In the present study, the bond and top coats have been modified using different feedstock powders and coating systems. The newly developed TBCs through the microstructure design using the APS and HVOF systems could be promising for use in TBC application. To adjust TBCs to a real application for hot-section components in gas turbines, two types of bond coat were prepared using the APS and HVOF processes, and then the plasma pretreatment was performed on the surfaces of each bond coat to improve adhesion between the bond and top coats by removing pollutants and by controlling surface roughness. The vertically cracked top coats with the dense and porous microstructures were prepared using the TriplexPro-200 system. In order to understand the effects of plasma pretreatment on the thermal durability and mechanical properties of TBCs, the microstructure evolution in the bond and top coats was investigated through cyclic thermal exposure and the mechanical properties with feedstock powder were estimated, including the thermal stability at the interface of the bond and top coats. The cyclic thermal exposure tests were performed at 1100°C to observe the thermal durability of the vertically cracked top coats with different bond coat species as a function of plasma pretreatment. Advantages of plasma pretreatment on the bond and top coats for enhancing the thermal durability of TBCs in cyclic thermal exposure were discussed, based on microstructure evolution and mechanical properties.

2. Experimental Procedure

2.1. Preparation of TBCs

A nickel-based superalloy with 25.4 and 5 mm in diameter and thickness, respectively, was used as a substrate. The substrate was sand blasted using an alumina (Al2O3) powder with particle size of 50 mesh, and then the APS and HVOF processes were conducted within 2 h. Two kinds of feedstock powder were used and two types of coating process were employed to coat a bond coat on the substrate: AMDRY 962 (Sulzer Metco Holding AG, Switzerland, nominal composition of Ni–22Cr–10Al–1.0Y in wt% and particle size of 56–106 μm) for APS process using TriplexPro-200 system (Plasma Technik, Sulzer Metco, Westbury, NY, USA) and AMDRY 997 (Sulzer Metco Holding AG, nominal composition of Ni–23Co–20Cr–8.5Al–4Ta–0.6Y in wt% and particle size of approximately 37 μm) for HVOF process using Diamond Jet-2600 DJM (Plasma Technik). The thickness of the bond coat was approximately μm. Two kinds of feedstock powder were used as a top coat, which were deposited onto the bond coat: METCO 204 C-NS (hereinafter C-NS; Sulzer Metco Holding AG, Switzerland, 8 wt% Y2O3 doped in ZrO2, particle size of 45–125 μm) and METCO 204 NS (hereinafter NS; Sulzer Metco Holding AG, 8 wt% Y2O3 doped in ZrO2, particle size of 11–125 μm) [10]. The thickness of the top coat was approximately μm. The plasma pretreatment on the surfaces of both the bond and top coats was performed by a plasma flame using TriplexPro-200 equipment without powder feeding. The conditions of plasma pretreatment were five passes with the regulating gun’s moving speed of 250 mm/s and with the distances of 150 and 50 mm for the bond and top coats, respectively. The detailed spray parameters for the APS and HVOF processes are indicated in Table 1. These parameters were selected from conditions indicated by the manufacturer of the powders trying to guarantee the best deposition characteristics.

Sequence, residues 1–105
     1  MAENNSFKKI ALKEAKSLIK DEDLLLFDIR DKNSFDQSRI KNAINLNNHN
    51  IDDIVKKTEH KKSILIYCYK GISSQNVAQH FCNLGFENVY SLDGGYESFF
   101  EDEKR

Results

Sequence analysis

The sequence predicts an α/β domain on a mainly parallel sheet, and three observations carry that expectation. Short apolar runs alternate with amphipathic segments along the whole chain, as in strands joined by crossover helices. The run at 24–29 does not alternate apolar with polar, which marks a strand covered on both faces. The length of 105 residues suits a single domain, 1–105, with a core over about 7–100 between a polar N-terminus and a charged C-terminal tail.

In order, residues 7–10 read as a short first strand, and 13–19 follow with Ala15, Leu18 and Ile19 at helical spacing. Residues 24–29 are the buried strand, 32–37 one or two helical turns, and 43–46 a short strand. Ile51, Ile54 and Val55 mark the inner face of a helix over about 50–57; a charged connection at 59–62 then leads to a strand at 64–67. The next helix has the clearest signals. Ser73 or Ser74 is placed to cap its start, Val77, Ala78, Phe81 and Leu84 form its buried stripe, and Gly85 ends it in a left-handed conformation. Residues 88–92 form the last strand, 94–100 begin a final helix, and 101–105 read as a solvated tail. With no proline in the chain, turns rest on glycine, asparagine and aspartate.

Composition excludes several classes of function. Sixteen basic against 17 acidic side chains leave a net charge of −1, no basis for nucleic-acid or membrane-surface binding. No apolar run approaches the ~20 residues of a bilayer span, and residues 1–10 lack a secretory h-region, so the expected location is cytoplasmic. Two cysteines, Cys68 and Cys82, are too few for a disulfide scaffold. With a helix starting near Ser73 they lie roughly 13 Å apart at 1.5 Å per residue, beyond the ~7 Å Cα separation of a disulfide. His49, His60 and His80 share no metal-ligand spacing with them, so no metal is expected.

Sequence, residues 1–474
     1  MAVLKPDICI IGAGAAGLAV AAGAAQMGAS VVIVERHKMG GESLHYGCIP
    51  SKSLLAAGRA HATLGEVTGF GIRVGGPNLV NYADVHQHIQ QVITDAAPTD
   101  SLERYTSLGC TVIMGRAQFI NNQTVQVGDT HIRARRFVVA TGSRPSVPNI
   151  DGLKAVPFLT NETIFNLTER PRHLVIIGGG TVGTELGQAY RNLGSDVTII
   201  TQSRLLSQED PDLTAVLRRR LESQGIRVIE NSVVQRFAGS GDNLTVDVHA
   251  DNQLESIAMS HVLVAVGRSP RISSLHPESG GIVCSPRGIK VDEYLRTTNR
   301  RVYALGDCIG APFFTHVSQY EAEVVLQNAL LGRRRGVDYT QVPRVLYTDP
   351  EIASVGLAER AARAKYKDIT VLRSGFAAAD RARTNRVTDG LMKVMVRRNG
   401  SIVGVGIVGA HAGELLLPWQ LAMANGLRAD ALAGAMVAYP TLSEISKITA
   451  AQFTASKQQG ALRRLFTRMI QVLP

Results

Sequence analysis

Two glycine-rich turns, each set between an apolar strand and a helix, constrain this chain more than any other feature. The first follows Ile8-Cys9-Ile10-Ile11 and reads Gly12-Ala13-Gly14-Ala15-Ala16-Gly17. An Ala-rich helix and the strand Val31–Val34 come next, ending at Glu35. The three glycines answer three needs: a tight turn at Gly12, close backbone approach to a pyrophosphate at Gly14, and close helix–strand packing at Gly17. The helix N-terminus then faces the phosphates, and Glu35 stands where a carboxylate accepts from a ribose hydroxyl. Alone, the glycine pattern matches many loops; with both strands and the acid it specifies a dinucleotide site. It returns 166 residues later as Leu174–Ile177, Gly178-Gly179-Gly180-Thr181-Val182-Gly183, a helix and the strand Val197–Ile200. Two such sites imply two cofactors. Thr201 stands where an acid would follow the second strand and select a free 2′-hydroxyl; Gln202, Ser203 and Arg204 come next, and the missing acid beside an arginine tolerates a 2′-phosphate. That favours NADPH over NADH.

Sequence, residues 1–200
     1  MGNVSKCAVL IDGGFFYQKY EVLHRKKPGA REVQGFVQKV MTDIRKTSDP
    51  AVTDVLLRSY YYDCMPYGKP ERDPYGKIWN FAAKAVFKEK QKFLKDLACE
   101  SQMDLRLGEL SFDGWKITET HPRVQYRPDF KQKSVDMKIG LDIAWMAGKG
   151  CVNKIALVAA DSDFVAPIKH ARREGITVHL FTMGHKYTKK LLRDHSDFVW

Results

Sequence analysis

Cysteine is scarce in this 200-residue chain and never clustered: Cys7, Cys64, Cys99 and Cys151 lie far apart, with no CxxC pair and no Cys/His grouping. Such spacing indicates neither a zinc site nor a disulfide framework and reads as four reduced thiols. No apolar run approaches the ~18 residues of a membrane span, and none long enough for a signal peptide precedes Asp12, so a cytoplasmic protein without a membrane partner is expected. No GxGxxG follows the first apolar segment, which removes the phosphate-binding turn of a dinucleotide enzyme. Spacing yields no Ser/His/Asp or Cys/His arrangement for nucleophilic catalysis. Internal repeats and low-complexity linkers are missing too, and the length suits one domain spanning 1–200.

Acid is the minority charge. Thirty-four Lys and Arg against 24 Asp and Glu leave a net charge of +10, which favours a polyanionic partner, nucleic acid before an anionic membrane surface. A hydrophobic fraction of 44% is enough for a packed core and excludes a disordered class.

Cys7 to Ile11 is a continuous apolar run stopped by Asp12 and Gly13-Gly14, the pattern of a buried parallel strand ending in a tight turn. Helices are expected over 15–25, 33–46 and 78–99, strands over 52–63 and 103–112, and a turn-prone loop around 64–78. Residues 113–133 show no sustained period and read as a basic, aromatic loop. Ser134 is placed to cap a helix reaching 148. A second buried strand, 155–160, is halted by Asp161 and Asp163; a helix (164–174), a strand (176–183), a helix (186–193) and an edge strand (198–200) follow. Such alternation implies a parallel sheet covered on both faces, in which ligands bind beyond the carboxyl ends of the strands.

tab1
Table 1: Coating parameters for preparing the bond and top coats.

2.2. Characterization